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Spotify believes it’s cracked piracy with its current service

Despite the claims that media lobby groups and studios around the world continue to make out that pirates will never pay and should be taken a stick to rather than a carrot, Spotify feels very different, having helped drop piracy rates around the world and it now believes that with its current system, it's found a way to make everyone pay for music, even if it's with their time rather than their wallet.

Media lobbies have been making harumph sounds at this idea though, especially since in Australia, where getting certain content often means waiting several months longer than the rest of the world and paying more, piracy rates are inordinately high.

“In fact, results last month from our ongoing national research show that music piracy levels – just as they were almost two years ago – still sit at around the same level as that of movies and television shows,” said Andrew Harris, head of royalty collection firm APRA AMCOS, in a recent article in the Financial Review.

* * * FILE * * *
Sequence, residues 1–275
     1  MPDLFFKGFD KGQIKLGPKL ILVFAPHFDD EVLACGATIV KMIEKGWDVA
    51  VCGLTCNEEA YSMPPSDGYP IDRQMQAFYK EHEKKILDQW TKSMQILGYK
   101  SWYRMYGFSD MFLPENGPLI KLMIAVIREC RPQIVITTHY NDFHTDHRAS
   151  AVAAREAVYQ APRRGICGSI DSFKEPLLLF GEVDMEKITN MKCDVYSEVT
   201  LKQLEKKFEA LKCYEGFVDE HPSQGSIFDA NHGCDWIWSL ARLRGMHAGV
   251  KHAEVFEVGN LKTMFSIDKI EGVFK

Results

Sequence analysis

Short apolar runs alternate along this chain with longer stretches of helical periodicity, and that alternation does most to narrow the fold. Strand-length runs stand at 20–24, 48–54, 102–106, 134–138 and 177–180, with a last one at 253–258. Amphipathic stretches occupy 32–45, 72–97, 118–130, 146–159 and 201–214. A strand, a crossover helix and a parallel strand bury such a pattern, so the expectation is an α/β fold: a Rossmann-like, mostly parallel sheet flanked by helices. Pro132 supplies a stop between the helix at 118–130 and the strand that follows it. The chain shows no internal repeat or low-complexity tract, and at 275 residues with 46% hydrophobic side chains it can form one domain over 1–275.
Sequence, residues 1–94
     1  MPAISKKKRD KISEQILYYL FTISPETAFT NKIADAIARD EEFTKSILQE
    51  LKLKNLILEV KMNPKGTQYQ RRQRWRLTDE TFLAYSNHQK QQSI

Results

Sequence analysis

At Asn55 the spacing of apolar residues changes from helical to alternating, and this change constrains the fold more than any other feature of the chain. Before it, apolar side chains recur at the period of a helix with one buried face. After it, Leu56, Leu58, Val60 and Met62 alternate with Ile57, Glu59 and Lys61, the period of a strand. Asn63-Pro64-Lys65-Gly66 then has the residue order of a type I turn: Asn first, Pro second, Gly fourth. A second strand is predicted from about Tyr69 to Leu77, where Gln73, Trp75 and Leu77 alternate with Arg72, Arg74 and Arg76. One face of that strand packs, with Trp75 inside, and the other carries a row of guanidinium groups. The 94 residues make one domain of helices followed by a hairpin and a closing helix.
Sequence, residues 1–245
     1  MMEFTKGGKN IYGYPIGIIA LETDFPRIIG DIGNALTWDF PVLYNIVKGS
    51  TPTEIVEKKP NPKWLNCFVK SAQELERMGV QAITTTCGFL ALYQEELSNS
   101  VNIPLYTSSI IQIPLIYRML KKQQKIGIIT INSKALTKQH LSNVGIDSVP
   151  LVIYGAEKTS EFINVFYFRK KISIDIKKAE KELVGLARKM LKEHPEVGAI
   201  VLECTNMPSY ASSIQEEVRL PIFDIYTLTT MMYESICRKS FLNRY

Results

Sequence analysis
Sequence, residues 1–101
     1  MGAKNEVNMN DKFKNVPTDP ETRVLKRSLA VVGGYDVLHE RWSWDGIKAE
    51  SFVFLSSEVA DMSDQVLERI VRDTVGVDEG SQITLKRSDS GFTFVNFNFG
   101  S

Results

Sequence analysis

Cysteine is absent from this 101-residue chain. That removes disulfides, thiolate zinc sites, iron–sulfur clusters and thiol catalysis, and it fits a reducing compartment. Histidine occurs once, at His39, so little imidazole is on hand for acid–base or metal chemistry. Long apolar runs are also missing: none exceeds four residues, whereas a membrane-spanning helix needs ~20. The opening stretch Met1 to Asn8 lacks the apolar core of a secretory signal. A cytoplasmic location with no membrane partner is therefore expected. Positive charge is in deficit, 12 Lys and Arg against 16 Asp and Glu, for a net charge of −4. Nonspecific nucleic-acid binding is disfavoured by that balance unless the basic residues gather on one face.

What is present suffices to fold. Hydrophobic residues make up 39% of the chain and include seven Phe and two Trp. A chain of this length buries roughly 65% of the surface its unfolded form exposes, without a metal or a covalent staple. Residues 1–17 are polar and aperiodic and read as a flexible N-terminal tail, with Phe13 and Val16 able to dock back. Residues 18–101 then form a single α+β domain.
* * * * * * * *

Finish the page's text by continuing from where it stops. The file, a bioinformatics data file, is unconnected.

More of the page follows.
“We’ve heard it all before. No matter how loud the minority might shout it in anger as the answer, it’s impossible to compete with free.”

Kate Vale seen here at the Australian launch of Spotify

Except that's exactly what Spotify says it's been doing. By making music free, but adding adverts, it's converted many, many pirates to its cause. Spotify's Australia MD, Kate Vale said:

“We do believe that access, availability and price does contribute and is the answer and we have proven this in other markets across Europe and particularly in Sweden where we have seen a 30 per cent reduction in piracy since we launched about six years ago.”

She said that if you profiled a lot of Spotify users, you'd find that many of them were ex-pirates, some of the younger ones having never paid for music, “and probably never will,” she said.

Valve also pointed out that in Australia, which Mr Harris was so concerned was a breeding ground for pirates, Spotify's conversion rate for free to paying subscribers was actually several per cent higher than average (31 as opposed to 25), making it far less piratical than he made out.

KitGuru Says: Australia often gets a bad reputation when it comes to piracy, but considering TV shows can take weeks to arrive from overseas and then cost more to watch, it's easy to understand why people pirate. 

Image Source: Beau Giles

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